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Healthy options in kids’ meals were the No. 1 hot food trend for 2010 in the quick-service segment, cited by 72% of all operators (NRA, 2009b). Energy drinks, gluten-free products, organics, sports drinks, smoothies, lower-calorie offerings, whole-grain bread, lower-fat items, side fruit, vegetarian entrees, and entrée salads also made the Top 25 list.
Nearly two-thirds of quick-service restaurant operators are offering more healthful children’s choices than they did two years ago; this is true for 47% of family-oriented restaurants, two in five casual restaurants, and one-third of fine dining establishments (NRA, 2010a).
Foodservice patrons draw a strong correlation between freshness and healthfulness. Fresh ingredients are important when choosing a healthy restaurant meal for 49% of diners; lower-fat offerings are important to 39%; more vegetables important to 29%; lower-calorie important to 26%; and made with natural, non-processed ingredients important to 23% (Mintel, 2009e). Only 17% of menu items that use fresh produce carry a “fresh” descriptor on the menu, which suggests that foodservice operators are missing an opportunity to tout healthful products (FRI, 2010).
About one-third of consumers (34%) regularly try to avoid trans fat when dining out; 33% practice portion control; 33% avoid sweets/desserts; 30% minimize eating fried foods; 28% cut fat intake; 20% avoid fried foods all together; 19% avoid processed foods; and 17% avoid carbohydrates (Technomic, 2009a).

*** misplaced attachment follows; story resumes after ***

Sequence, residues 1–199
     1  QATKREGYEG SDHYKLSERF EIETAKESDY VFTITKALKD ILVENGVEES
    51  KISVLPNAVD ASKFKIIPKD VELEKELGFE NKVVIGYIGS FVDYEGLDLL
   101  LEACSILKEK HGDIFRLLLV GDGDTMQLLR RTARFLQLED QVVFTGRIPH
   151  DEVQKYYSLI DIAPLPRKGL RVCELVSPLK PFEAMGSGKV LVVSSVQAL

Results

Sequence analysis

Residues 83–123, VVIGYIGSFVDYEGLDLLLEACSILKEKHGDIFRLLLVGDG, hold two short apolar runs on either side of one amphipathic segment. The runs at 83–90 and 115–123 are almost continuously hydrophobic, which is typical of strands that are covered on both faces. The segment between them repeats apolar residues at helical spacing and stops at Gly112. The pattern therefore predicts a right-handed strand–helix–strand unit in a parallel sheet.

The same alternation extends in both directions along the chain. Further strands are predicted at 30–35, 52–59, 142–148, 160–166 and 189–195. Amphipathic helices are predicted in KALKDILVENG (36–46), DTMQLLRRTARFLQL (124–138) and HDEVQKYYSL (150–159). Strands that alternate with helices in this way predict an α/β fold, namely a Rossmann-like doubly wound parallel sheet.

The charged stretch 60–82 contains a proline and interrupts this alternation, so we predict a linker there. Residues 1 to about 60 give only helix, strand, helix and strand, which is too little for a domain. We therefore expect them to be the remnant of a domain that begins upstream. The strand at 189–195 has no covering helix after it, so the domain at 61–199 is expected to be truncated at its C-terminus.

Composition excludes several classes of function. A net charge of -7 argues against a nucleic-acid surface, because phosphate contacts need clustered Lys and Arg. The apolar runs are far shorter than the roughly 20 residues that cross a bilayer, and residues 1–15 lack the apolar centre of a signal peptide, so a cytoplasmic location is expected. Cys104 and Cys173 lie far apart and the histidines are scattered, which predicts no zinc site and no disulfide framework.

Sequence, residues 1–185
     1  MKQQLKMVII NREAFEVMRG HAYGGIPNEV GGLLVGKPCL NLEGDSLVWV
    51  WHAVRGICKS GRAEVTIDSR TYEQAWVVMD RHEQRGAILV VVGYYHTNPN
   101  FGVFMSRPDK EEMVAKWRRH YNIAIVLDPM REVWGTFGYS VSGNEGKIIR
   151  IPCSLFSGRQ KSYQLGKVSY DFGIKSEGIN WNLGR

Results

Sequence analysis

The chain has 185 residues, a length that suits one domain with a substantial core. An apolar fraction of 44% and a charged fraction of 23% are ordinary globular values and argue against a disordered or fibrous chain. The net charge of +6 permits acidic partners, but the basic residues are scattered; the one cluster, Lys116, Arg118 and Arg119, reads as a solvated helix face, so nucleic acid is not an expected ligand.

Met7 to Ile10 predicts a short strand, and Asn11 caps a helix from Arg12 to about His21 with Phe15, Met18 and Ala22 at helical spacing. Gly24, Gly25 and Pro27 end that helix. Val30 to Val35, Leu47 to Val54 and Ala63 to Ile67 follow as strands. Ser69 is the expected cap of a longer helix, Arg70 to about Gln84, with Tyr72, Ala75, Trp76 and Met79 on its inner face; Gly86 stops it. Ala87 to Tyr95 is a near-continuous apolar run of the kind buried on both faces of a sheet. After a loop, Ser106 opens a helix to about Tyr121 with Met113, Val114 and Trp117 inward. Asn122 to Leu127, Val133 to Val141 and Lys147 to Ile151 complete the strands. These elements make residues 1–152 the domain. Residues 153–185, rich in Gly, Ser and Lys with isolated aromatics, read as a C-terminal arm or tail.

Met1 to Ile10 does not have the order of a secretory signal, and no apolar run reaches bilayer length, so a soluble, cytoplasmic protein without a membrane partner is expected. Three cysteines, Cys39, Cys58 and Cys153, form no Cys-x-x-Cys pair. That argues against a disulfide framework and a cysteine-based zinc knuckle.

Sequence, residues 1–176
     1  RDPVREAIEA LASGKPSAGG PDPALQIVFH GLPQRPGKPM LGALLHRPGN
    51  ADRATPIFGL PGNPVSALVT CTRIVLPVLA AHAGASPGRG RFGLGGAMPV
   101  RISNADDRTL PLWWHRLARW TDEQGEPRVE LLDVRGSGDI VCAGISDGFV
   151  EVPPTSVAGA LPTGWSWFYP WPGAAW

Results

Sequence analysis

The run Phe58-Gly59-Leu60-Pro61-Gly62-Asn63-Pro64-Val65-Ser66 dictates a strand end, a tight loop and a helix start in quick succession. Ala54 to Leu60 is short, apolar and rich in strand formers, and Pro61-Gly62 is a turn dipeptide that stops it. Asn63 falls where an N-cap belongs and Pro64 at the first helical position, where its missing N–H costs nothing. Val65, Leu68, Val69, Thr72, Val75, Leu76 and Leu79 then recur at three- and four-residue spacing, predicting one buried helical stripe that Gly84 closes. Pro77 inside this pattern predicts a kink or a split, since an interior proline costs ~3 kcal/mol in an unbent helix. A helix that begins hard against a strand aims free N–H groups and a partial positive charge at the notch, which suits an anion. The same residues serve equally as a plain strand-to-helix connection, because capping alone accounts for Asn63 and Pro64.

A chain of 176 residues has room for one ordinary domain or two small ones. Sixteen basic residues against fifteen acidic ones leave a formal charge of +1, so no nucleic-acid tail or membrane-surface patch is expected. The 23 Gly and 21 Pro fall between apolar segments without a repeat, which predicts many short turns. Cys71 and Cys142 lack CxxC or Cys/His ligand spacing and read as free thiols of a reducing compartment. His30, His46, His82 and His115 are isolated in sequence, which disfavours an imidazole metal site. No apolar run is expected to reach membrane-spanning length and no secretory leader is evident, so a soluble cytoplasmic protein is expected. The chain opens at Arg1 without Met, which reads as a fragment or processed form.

Half of consumers who visited a restaurant with posted nutrition information said it had a great impact or somewhat of an effect on what they ordered; 34% said it affected where they dined (Technomic, 2009b). After seeing nutrition information, 61% of diners opted for a lower-calorie alternative, and 36% chose smaller portions.
Moreover, if a menu has items labeled with claims such as “heart healthy,” 36% of diners say they are more likely to choose such offerings (Mintel, 2009e). Healthy dining is also about adding whole grains, fiber, omega-3s, and antioxidants. Subway offers Fuze® fresh-brewed iced tea with antioxidants and vitamin C, for example.
What signifies healthy to consumers? Inclusion of fresh fruit/vegetables was the top nutrition cue, cited by 38% of those who sought a nutritious restaurant lunch. Protein in the meal was cited by 32%, fiber 27%, lower-calorie 27%, food cooked on site 26%, lower in salt 24%, and low in saturated fat 20% (Mintel, 2009e).
Lastly, hospitals and nursing homes are projected to remain a bright spot in the restaurant business with sales in real terms projected to increase 4.1% in 2010 vs a decline of 1.5% for full-service restaurants and an increase of 0.4% for quick-service restaurants. This translates to a $5.9 billion venue for new medical foods, foods for special dietary use, and also for condition-specific functional foods (NRA, 2010b).
by A. Elizabeth Sloan, a Professional Member of IFT and Contributing Editor of Food Technology, is President, Sloan Trends Inc., 2958 Sunset Hills, Suite 202, Escondido, CA 92025 ([email protected]loantrend.com).